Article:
I already know I am going to piss everyone off with this posting so bring it!
This week in Washington the Democrats played mean eight grade girl politics and pushed for a vote on a pay equality bill which died in the Senate: http://www.denverpost.com/nationworld/ci_20790507/senate-bill-pay-equality-fails-proceed
The Dems basically want to get the Republicans on the record voting against anything that might be viewed as pro-woman as they build their case for the Republicans being a bunch of misogynistic pigs. So while, as a woman, I support the bill I really, really, really hate, as a woman, being used as a pawn in a game. But you know, I’m not surprised, as that’s how DC operates most of the time.
Let me be clear I support that bill. It’s main purpose was to pierce the cone of silence that surrounds unfair treatment of women in the workplace. Specifically it would allow workers to discuss pay and compensation openly, without threat of retaliation by their employer. On the surface it seems silly that there’d even have to be legislation around this issue. Until, that is, you get a few glasses of wine in a group of working women. We all have our own horror stories to share – kind of like veterans comparing war wounds – fighting for the same expense accounts and car allowances that are handed out to male colleagues, having commissions cut while on maternity leave, downsized while seven months pregnant.
Don’t get me wrong, I don’t think there’s some mass conspiracy to keep us women in our places – you know barefoot and pregnant. I just think we as a society still hold onto a lot of old school thinking that doesn’t reflect the current state of affairs. For instance, when I got pregnant with my first child everyone asked me if I was going to stay home. I mean EVERYONE. To the point I considered having a t-shirt made up that read: No, I am not staying home. After one particularly lousy day at the office, where I had spent half the day convincing people I wasn’t bailing after I had the baby I turned to my husband and asked him how many people had asked him if he would be staying home with the baby. He, knowing there was no safe answer, did what every husband does when faced with an unwinnable situation; he just stared at me blankly.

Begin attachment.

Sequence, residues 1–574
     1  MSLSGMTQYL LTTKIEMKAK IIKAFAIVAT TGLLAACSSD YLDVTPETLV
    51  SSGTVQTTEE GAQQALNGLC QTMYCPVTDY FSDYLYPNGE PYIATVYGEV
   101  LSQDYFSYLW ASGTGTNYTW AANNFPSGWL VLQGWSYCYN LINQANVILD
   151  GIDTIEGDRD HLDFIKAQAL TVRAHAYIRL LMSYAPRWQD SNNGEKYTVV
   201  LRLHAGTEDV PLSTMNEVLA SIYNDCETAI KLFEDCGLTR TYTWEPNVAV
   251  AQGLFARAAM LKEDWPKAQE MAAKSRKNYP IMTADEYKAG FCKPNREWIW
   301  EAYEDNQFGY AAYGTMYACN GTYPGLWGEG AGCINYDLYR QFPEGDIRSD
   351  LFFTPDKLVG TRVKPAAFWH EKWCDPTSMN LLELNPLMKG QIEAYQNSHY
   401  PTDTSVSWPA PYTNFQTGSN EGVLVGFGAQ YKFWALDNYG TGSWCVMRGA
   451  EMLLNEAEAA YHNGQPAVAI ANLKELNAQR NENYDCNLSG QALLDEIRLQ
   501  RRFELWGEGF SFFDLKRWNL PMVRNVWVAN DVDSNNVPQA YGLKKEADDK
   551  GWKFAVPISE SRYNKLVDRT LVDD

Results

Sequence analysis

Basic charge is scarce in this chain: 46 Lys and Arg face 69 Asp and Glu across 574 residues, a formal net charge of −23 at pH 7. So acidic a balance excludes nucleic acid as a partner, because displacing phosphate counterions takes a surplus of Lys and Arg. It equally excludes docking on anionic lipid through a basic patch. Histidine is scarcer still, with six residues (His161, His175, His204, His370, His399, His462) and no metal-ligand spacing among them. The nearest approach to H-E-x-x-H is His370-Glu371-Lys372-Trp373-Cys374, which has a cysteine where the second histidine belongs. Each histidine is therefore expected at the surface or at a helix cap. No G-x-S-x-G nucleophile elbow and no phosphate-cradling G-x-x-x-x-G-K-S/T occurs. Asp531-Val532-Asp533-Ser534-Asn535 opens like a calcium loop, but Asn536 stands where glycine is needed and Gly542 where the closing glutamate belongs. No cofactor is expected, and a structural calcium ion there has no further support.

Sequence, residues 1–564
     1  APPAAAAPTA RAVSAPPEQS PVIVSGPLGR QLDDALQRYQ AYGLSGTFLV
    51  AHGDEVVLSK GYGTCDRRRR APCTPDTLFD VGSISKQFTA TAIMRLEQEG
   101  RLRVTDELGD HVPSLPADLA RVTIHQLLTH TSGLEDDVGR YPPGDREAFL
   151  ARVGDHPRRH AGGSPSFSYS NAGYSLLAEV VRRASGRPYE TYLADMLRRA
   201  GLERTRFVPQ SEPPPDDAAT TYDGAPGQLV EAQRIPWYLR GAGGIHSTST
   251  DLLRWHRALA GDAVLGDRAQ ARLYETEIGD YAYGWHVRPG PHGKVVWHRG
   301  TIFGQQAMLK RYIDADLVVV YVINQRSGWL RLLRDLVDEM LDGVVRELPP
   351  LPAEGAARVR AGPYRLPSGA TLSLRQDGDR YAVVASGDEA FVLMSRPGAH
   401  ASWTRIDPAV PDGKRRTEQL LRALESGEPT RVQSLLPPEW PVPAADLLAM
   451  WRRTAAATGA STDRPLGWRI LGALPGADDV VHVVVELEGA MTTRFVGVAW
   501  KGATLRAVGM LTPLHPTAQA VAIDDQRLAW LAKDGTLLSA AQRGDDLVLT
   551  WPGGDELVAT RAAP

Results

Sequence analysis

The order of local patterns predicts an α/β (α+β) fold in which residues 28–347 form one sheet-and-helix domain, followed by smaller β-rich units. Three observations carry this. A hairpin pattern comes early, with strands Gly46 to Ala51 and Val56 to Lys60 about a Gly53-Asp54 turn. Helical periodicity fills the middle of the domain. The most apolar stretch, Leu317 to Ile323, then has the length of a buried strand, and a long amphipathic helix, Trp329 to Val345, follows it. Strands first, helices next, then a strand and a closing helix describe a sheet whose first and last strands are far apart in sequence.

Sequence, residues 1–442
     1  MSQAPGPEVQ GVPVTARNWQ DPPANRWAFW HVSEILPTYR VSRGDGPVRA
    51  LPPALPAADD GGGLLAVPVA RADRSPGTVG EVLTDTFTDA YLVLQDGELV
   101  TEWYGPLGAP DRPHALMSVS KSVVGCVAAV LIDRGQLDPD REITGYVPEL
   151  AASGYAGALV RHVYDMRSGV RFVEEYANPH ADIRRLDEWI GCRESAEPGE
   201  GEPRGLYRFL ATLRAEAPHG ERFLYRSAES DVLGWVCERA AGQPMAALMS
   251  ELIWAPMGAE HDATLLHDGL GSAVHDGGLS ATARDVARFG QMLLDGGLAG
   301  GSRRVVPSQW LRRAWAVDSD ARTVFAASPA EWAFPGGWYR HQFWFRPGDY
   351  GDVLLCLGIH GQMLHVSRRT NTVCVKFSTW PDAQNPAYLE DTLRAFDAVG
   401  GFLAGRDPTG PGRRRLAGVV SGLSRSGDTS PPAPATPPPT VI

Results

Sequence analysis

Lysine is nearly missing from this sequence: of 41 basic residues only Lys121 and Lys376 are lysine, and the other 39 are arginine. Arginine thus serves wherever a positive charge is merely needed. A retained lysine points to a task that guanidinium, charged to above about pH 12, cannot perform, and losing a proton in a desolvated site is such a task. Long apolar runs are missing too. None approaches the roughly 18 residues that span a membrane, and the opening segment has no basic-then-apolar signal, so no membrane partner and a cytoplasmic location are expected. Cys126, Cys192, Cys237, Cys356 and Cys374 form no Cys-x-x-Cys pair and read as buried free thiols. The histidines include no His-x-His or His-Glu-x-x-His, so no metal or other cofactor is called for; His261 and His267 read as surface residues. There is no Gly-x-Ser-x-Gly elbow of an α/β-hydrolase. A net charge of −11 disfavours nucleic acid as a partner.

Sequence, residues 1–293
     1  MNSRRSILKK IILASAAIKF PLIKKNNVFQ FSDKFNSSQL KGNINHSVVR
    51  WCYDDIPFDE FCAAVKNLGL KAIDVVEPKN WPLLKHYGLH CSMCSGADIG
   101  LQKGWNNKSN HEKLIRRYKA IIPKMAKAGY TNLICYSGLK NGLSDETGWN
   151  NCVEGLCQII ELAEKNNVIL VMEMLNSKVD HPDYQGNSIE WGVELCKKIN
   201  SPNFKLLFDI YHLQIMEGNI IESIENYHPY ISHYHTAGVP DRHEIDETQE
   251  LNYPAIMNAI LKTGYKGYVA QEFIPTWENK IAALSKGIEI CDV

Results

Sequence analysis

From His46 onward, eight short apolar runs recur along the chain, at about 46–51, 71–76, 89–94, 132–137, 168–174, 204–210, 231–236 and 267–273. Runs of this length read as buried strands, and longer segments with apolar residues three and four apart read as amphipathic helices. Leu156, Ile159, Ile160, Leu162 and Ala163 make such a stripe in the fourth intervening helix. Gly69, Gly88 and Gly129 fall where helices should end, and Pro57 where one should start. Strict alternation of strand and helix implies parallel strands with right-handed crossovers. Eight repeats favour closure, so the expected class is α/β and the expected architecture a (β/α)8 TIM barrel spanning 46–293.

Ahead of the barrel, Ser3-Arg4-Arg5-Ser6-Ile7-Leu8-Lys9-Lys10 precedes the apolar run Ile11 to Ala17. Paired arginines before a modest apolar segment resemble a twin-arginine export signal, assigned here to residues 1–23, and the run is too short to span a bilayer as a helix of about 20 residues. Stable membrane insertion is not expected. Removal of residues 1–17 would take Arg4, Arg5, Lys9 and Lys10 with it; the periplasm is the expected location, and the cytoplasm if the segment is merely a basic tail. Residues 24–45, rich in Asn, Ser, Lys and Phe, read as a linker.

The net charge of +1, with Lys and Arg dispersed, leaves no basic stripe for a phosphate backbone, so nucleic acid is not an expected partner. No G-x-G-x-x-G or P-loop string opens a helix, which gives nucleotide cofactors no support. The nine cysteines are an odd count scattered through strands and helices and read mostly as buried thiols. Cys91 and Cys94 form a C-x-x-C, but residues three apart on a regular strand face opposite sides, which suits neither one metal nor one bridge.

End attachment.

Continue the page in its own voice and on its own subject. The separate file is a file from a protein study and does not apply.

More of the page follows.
The sad truth is I had to go back to work. And most women who work do it because our families depend on our income – especially given the current global economic crises. But there’s still this underlying mentality that men are the breadwinners and the cornerstone of our families finances. There has to be or just as many people would have asked my husband about his commitment to return to work once our first child was born.
To me that’s the sad part of the death of the pay equality legislation. I think it would have created an opportunity to talk openly and honestly about the things we either keep to ourselves or vent about over a glass of chardonnay. I guess I’ll just have to organize more happy hours.